Sadly, the history continues, albeit on a much smaller scale. For that we can only be very thankful, even if it's no consolation to the hundreds who are still dying in Russia these days. In Beslan today, 27 out of 30 terrorists are dead, but so are anywhere between 80 and 200 hostages, most of them children. It's a tragic reminder not only of the fact that the war on terror is being fought on many fronts, but also of the many different ways it is being fought.

Update: Just to clarify my position - I'm not by any means excusing the Chechen terrorists responsible for this or any other attack; I'm merely noting that Russia sadly continues to be underprepared to deal with emergencies of this type, with the result that every time more civilians die then otherwise would.


The bounce 

It's happening - in the traditional post-convention way - but the way it didn't happen this year for the Dems:

In the Time poll (which pre-dates Bush's acceptance speech) Bush has opened a double digit lead over Kerry: 52% to 41%: "For the first time since the Presidential race became a two person contest last spring, there is a clear leader."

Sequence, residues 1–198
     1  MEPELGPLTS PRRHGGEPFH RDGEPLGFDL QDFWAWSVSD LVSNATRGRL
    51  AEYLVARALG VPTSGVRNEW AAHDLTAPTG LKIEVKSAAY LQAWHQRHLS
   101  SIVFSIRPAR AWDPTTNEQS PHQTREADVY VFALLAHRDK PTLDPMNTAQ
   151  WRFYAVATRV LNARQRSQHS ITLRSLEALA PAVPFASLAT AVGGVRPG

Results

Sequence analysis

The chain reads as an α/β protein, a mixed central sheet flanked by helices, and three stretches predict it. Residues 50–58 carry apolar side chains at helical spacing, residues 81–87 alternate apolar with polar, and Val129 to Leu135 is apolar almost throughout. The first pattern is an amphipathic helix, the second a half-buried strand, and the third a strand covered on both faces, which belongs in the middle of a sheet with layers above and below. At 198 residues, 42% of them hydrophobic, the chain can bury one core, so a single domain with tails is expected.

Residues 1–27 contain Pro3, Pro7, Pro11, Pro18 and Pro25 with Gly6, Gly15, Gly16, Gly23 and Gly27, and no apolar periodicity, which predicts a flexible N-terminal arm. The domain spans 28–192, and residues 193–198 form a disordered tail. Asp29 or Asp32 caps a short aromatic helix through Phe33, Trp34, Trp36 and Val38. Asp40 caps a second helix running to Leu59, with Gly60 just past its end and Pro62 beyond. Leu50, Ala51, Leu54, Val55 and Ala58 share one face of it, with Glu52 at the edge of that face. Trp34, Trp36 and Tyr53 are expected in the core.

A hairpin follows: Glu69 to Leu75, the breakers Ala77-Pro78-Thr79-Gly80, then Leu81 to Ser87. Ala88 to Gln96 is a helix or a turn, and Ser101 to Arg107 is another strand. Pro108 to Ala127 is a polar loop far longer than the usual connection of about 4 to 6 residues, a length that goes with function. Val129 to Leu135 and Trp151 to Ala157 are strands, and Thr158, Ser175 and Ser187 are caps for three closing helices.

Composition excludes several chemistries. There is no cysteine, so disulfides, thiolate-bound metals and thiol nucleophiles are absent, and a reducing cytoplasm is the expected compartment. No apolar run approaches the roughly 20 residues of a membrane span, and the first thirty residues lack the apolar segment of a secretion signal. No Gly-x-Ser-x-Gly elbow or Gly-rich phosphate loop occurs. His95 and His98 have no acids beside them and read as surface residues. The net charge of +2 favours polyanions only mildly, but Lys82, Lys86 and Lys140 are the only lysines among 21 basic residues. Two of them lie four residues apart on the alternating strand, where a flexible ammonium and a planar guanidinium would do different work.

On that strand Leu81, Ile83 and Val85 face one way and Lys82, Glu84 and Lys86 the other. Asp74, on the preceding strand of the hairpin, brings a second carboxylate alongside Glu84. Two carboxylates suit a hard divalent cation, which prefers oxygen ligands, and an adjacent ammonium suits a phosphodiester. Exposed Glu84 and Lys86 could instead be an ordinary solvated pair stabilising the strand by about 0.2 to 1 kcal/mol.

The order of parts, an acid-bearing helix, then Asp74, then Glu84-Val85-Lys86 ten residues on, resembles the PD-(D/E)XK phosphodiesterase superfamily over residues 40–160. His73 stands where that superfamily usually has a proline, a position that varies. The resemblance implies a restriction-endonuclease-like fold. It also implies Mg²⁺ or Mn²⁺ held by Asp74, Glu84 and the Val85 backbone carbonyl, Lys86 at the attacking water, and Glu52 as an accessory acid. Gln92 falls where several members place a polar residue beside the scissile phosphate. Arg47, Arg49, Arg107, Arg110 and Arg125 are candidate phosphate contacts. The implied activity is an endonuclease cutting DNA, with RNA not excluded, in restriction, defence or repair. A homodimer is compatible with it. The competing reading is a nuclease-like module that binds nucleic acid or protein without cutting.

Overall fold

In a non-scientific AOL straw poll, Bush is winning by 535 electoral college votes to 3. Yes, I know that there's no reason to get that excited - 2004 still doesn't look like being a landslide election year of the likes of 1964, 1972 or 1984. Still...

And at Rasmussen, "a modest Convention bounce", with Bush at 49% and Kerry at 45%.

(Hat tips: Jeremy Chrysler and Justin Miller)


Friday, September 03, 2004

The media spins Bush 

This is how Associated Press reports(?) on President Bush's speech:
"An unpopular war and 1.1 million lost jobs is enough to kill a presidency, so President George W Bush has tried to make the US election about something else: himself and his leadership style."
And if he just talked about Iraq and the war on terror they would say that he's incapable of addressing other issues. "Himself and his leadership style," however, wasn't enough for Agence France Presse: "Bush's speech was as notable for what was not in it." It's a common complaint, after all, made of many different works, including the Bible. AFP explains:
"[Bush] did not mention the failure to find the weapons of mass destruction he cited as the reason for the war in Iraq, which has eroded US credibility.

"He did not mention the two surviving regimes of his 'axis of evil,' Iran and North Korea, and he did not name Osama bin Laden, the September 11 mastermind who has eluded US forces for three years.